Dear Mom in the Target Parking Lot Who Told Me It Gets Worse,
You probably don't remember me, and there's a good chance you'll never see this, but I will always remember you. Three years ago, we crossed paths in the parking lot at Target — I, a brand-new mom, and you, apparently the most experienced mother. I was leaving the store after making a trip to buy my husband a gift for Father's Day — his first. With me was my infant son, barely 3 months old at the time. It was a big and exciting trip for me, since getting out of the house didn't happen as often as it did before my son was born. I was proud of myself and so happy with how he was behaving.
As I juggled bags and navigated his burgeoning stroller, I glanced down and softly cooed back at his sweet little face. It was then that our paths crossed. Angrily barreling toward us, you shoved your dark sunglasses higher against the bridge of your nose and tossed your leather purse over your shoulder. "Just wait until they start getting mouthy with you and talking back," you said suddenly. "They are a pain in the ass. It gets worse." And just like that, you were gone, whisked away with the whoosh of the store's sliding glass doors.
If I'm being honest, Parking Lot Mom, I've never liked these types of letters: "Dear so-and-so, here's what I wish I would have said to you when you were the worst person on the planet." But when you unleashed your tiny bit of wrath on me and my baby three years ago, I didn't know what to say, so I said nothing. And I've always regretted it. Maybe it's because I'm often wildly confrontational when I believe I've been wronged, and I hate that I let you get away with saying something so awful to me.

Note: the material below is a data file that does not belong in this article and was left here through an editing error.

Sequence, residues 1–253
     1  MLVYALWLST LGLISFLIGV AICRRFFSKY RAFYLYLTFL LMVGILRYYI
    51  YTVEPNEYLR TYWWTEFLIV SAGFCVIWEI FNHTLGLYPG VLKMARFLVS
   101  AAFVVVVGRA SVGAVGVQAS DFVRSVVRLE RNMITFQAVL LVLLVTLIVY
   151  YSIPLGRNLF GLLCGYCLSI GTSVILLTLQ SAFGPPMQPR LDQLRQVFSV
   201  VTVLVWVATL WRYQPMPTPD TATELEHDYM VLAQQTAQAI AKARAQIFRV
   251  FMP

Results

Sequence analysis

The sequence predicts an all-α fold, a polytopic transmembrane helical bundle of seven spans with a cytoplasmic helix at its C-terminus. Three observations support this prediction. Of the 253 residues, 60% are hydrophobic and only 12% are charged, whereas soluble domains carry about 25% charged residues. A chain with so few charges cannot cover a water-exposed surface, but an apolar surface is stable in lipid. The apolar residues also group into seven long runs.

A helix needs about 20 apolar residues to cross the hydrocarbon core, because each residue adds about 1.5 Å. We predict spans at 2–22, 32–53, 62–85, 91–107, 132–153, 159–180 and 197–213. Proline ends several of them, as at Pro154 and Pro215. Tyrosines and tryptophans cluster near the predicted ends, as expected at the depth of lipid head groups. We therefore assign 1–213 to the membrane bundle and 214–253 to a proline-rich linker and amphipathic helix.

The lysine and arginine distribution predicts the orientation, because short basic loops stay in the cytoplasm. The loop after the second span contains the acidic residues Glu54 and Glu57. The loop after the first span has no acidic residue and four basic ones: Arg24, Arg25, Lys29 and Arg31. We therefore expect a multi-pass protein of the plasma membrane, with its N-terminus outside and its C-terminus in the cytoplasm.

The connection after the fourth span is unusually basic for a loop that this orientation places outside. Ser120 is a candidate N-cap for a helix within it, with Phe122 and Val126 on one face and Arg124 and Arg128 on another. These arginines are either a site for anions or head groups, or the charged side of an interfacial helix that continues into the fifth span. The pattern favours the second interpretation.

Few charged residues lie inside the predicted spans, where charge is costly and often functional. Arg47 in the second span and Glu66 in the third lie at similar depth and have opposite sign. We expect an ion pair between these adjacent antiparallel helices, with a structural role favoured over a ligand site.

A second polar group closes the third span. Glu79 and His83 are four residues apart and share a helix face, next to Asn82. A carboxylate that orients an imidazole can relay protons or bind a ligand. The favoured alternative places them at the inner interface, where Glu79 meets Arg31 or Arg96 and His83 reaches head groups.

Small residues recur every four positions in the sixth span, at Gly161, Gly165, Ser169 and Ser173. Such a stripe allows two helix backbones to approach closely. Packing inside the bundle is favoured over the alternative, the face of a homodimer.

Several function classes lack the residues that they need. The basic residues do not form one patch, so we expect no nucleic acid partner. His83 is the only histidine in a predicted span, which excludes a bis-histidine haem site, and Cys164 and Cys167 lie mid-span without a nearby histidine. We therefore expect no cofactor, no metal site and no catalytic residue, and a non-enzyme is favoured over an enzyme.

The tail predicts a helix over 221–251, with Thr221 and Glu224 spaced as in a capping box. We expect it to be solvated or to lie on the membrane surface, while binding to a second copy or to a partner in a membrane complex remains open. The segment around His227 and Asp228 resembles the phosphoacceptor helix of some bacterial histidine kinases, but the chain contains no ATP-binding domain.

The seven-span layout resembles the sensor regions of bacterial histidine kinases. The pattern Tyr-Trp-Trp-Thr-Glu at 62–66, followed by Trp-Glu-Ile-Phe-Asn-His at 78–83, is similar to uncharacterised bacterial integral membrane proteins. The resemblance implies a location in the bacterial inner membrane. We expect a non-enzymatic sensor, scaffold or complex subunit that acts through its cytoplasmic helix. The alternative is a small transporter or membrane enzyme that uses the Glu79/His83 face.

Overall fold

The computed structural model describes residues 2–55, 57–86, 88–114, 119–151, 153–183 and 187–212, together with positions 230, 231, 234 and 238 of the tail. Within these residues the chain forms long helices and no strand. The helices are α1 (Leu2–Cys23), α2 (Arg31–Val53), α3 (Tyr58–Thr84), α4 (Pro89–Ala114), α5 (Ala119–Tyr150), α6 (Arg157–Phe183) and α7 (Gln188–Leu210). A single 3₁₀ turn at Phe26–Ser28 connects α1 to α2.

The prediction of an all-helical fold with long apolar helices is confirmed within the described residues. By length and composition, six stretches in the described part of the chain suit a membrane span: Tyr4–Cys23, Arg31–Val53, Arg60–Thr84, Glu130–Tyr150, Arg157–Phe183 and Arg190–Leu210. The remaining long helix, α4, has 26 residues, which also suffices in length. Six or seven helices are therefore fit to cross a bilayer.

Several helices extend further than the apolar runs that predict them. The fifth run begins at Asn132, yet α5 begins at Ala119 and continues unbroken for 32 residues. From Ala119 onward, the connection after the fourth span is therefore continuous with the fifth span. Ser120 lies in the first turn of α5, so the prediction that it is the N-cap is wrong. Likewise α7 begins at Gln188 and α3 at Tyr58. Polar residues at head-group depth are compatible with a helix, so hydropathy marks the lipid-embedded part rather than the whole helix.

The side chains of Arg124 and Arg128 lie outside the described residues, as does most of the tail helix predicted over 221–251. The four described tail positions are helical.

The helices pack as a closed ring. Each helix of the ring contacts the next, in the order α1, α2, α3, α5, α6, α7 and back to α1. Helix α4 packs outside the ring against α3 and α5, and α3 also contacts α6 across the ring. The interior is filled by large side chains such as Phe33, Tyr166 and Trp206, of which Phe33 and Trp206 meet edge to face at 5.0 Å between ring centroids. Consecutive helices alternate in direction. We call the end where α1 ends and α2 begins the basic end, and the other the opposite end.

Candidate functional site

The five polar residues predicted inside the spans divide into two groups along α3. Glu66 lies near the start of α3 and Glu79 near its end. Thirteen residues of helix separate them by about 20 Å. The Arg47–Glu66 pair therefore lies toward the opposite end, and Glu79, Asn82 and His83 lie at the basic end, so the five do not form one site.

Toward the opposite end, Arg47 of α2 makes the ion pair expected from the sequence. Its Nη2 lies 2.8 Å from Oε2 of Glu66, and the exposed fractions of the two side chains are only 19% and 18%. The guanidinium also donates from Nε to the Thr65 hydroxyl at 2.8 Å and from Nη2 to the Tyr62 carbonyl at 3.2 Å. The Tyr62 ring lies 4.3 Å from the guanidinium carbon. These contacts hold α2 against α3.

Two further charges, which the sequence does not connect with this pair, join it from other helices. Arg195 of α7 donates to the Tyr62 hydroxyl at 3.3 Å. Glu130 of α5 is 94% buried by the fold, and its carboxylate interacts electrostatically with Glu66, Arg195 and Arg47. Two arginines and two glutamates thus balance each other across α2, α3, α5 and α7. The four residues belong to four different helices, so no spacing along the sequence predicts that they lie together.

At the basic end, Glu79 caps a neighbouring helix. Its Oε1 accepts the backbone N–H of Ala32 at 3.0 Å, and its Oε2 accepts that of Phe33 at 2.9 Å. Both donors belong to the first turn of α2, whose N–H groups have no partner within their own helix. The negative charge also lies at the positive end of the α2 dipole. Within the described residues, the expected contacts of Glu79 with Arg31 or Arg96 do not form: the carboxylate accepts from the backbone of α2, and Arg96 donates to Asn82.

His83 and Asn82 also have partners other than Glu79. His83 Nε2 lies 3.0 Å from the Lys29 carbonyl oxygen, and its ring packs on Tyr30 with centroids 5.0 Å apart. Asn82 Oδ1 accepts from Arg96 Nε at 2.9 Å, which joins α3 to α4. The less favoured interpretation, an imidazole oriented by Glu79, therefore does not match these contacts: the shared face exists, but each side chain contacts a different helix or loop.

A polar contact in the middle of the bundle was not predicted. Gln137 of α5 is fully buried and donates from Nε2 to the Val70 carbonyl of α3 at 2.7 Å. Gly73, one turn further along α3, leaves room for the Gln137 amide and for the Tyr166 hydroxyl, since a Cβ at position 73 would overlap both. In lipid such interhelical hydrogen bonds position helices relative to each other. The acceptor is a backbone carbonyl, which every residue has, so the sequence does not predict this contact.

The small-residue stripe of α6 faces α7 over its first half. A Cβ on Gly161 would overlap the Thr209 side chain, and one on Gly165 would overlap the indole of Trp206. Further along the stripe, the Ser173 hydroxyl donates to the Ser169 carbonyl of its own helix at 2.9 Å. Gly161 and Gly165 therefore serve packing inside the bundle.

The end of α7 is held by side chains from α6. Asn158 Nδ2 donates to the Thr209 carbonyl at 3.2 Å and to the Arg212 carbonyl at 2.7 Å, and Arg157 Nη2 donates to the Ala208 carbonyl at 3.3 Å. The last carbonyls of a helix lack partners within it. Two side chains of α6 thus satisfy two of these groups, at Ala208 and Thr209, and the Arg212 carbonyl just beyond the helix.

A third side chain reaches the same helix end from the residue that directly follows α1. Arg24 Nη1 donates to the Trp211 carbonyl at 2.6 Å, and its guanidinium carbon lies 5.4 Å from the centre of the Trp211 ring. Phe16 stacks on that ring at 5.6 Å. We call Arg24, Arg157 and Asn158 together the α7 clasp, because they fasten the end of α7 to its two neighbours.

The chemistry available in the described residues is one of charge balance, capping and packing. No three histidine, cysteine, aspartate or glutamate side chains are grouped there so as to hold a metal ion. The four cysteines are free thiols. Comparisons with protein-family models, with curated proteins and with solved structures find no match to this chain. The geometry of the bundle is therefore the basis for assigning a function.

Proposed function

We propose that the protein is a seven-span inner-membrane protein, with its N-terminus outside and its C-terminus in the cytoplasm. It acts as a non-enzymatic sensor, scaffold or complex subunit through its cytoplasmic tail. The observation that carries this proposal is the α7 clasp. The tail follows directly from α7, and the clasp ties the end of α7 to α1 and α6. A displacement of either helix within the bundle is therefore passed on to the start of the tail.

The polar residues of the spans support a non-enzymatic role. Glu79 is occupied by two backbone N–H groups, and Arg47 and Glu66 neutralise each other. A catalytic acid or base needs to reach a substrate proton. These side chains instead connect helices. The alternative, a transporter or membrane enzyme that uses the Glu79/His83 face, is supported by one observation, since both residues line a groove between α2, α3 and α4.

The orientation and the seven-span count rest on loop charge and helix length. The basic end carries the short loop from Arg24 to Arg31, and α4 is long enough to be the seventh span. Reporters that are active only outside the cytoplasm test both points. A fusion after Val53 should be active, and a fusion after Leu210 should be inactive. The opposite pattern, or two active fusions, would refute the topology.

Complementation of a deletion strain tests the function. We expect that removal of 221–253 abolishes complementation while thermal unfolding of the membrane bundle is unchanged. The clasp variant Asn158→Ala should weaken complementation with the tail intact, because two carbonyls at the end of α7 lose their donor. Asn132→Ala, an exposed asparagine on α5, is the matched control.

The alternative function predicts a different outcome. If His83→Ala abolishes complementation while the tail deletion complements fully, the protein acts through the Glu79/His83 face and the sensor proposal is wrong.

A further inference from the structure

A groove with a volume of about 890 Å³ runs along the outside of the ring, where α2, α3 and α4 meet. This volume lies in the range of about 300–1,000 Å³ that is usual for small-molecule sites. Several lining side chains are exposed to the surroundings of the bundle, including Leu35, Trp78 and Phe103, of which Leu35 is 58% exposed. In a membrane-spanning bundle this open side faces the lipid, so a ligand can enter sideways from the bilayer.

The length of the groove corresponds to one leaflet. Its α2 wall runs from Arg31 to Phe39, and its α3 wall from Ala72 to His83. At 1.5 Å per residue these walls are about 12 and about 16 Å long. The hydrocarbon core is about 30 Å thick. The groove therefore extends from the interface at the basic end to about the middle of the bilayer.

But I also know that what you said to me had very little to do with me. I was just an unfortunate target at an opportune moment. I said nothing at the time because there really wasn't much I could say. I was a new mom and certainly didn't know more than you, so I couldn't tell you you were wrong. I mean, how stupid would I have sounded? "No. My kid will never talk back to me." Cue endless laughter. My son is now 3, and that ship has sailed.
I also didn't want to provoke you, and honestly, I felt bad for you. You were clearly dealing with something in your life that made you want to lash out in that moment. Still, I wish you would have chosen something different to say — or better yet, said nothing at all. Because while I was able to handle your vitriol, another mom might not have been. Heck, even I may have been more hurt by the interaction had you caught me in my parenting journey even a month or two earlier.
I was fortunate not to suffer from a postpartum mood disorder, but there are so many women who do struggle and for whom careless words could be a dagger in their hearts — the thing that shoves them painfully over the edge. But even without suffering from postpartum depression or anxiety, I was still prone to the insecurities and anxieties all new moms face. I remember those very first public outings with my new baby and how it felt like all eyes were on me, judging me and clearly noticing that I had no idea what the hell I was doing. Even now, as a mom of a preschooler and infant twins, I still have the occasional moment where I feel everyone is watching and waiting for the fledgling mom to screw up.
I hope that when the years have passed and I'm the seasoned mom with teenagers testing her patience, I remember the vulnerability of those early years. And I hope that when I see what is clearly a new mom pushing her still-clean, scratch-free stroller and gazing down lovingly at the new life who has yet to push her buttons in the way only kids can, I won't attack her in that moment and warn her of all the struggles yet to come. Instead, I'll smile at her and remember how precious and fleeting those moments are.
Motherhood doesn't get worse. It's hard every single day, and it's worth it.
The Other Mom in the Target Parking Lot